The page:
The regions with the largest increase in the employment rate on the previous period (August 2012 to October 2012) was London with an increase of 1.2 percentage points followed by the West Midlands with an increase of 1.1 percentage points and Scotland with an increase of 0.7 percentage points. The region with the largest decrease in the employment rate was the North East with a decrease of 0.8 percentage points. The only other regions to show a decrease were Yorkshire and The Humber and Wales with decreases of 0.4 and 0.2 percentage points respectively. The UK rate increased by 0.3 percentage points.
Over the year the regions with the largest change in the employment rate were London with an increase of 2.8 percentage points, followed by the West Midlands at 2.6 percentage points and Yorkshire and The Humber at 2.0 percentage points. No regions in Great Britain showed a decrease in the employment rate over the year.
The unemployment rate for people aged 16 and over for the UK was 7.8% for the period November 2012 to January 2013.
The region with the highest rate was the North East at 9.8% followed by Yorkshire and The Humber at 9.0% and the West Midlands at 8.7%. The region with the lowest rate was the South West at 5.8%, followed by the South East and the East of England both at 6.6%.
The regions with the largest decrease in the unemployment rate on the previous period (August 2012 to October 2012) were London at 0.5 percentage points followed by the East of England at 0.3 percentage points. The East Midlands and Scotland both decreased by 0.2 percentage points. The unemployment rate in Wales increased by 0.5 percentage points followed by the South East and North East which both increased by 0.3 percentage points. The UK rate was unchanged.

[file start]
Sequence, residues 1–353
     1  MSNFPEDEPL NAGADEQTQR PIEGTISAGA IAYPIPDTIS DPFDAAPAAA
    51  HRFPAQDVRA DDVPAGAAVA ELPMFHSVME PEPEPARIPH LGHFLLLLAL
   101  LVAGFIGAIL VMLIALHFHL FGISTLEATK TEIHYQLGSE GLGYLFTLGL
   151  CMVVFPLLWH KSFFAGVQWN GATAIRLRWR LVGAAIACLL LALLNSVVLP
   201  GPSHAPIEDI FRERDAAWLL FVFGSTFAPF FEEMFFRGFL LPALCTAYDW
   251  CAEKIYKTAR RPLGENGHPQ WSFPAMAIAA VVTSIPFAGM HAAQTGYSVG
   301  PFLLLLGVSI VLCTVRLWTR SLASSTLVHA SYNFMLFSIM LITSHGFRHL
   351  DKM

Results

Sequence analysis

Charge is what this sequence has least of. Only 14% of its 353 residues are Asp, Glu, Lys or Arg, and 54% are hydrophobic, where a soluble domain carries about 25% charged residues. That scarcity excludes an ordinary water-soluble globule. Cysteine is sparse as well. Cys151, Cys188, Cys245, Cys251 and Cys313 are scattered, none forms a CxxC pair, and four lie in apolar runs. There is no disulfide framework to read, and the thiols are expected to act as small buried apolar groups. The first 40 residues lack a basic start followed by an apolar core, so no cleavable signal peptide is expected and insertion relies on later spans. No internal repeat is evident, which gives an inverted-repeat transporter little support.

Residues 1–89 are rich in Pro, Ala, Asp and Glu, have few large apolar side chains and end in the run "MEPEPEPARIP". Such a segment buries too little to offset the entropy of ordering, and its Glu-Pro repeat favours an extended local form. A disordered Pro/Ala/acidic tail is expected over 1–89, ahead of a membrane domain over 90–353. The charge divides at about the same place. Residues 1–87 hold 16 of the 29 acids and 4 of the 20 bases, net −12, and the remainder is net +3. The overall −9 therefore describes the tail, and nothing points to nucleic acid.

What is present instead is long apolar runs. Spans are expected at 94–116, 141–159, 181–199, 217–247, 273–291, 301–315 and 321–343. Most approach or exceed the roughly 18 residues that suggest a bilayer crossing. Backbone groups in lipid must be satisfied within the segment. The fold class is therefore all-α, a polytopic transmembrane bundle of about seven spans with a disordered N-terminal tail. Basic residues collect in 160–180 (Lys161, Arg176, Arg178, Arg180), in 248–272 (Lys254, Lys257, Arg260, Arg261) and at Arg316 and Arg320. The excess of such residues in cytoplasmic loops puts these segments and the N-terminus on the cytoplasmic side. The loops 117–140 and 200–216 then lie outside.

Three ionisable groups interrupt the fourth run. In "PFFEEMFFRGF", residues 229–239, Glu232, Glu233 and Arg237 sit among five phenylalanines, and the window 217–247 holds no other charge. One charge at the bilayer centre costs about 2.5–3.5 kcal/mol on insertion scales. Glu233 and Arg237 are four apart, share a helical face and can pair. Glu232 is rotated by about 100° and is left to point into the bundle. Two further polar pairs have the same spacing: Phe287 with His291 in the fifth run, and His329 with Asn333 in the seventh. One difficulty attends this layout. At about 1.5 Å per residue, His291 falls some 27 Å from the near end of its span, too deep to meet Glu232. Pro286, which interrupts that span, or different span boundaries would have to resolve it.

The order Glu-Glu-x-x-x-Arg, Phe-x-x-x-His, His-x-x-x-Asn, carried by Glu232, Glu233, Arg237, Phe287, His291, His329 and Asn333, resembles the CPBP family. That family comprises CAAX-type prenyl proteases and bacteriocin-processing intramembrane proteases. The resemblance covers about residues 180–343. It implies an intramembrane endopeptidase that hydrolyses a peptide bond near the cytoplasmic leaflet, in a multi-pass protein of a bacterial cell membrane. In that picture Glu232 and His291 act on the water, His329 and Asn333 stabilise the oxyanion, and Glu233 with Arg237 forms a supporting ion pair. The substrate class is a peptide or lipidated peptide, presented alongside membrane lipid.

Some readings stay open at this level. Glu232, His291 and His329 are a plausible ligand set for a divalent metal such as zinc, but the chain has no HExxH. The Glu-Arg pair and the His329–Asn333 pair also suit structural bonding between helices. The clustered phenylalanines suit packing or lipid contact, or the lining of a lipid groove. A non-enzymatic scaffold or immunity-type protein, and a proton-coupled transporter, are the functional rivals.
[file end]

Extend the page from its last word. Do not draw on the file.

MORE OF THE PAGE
Over the year all regions in Great Britain showed a decrease in the unemployment rate except the South East which increased 0.1 percentage points. The regions with the largest decrease were London with a decrease of 1.6 percentage points, Scotland with a decrease of 1.1 percentage points and the North East with a decrease of 0.9 percentage points.
An interactive chart showing regional unemployment rates over time is available.
Estimates of workforce jobs for December 2012 were originally scheduled for publication in this month’s release. The publication of these estimates has been postponed until next month’s release due to operational difficulties which have resulted in a need for further quality assurance.
Workforce Jobs increased in 7 of the 11 regions of Great Britain between June 2012 and September 2012 with a decrease in other 4 remaining regions. The largest increase of 41,000 was in Yorkshire and The Humber, whilst the largest decrease of 39,000 was in the East Midlands.
The East Midlands had the highest proportion of jobs in the production sector at 13.8 % whilst London had the lowest proportion at 3.1%. For the service sector London has the highest proportion at 91.7% whilst Wales has the lowest proportion at 78.5 %.
The seasonally adjusted claimant count rate for the UK was 4.7% in February 2013 unchanged from January, although the level was down 1,500.